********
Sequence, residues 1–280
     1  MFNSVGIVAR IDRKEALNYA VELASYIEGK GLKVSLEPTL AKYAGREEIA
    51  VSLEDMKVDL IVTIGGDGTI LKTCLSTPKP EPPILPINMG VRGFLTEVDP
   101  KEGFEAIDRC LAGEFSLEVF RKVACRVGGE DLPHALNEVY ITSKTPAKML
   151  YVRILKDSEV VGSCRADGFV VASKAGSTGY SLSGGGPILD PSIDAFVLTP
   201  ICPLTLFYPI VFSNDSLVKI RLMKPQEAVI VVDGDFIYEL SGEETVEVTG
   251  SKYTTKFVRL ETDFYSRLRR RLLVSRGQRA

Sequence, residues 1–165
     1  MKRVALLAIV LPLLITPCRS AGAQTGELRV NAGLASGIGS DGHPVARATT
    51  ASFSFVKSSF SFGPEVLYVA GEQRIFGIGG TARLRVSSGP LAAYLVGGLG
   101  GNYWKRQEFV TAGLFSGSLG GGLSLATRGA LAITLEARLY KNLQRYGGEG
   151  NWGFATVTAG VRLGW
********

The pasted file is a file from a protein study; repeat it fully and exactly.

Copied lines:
Sequence, residues 1–280
     1  MFNSVGIVAR IDRKEALNYA VELASYIEGK GLKVSLEPTL AKYAGREEIA
    51  VSLEDMKVDL IVTIGGDGTI LKTCLSTPKP EPPILPINMG VRGFLTEVDP
   101  KEGFEAIDRC LAGEFSLEVF RKVACRVGGE DLPHALNEVY ITSKTPAKML
   151  YVRILKDSEV VGSCRADGFV VASKAGSTGY SLSGGGPILD PSIDAFVLTP
   201  ICPLTLFYPI VFSNDSLVKI RLMKPQEAVI VVDGDFIYEL SGEETVEVTG
   251  SKYTTKFVRL ETDFYSRLRR RLLVSRGQRA

Sequence, residues 1–165
     1  MKRVALLAIV LPLLITPCRS AGAQTGELRV NAGLASGIGS DGHPVARATT
    51  ASFSFVKSSF SFGPEVLYVA GEQRIFGIGG TARLRVSSGP LAAYLVGGLG
   101  GNYWKRQEFV TAGLFSGSLG GGLSLATRGA LAITLEARLY KNLQRYGGEG
   151  NWGFATVTAG VRLGW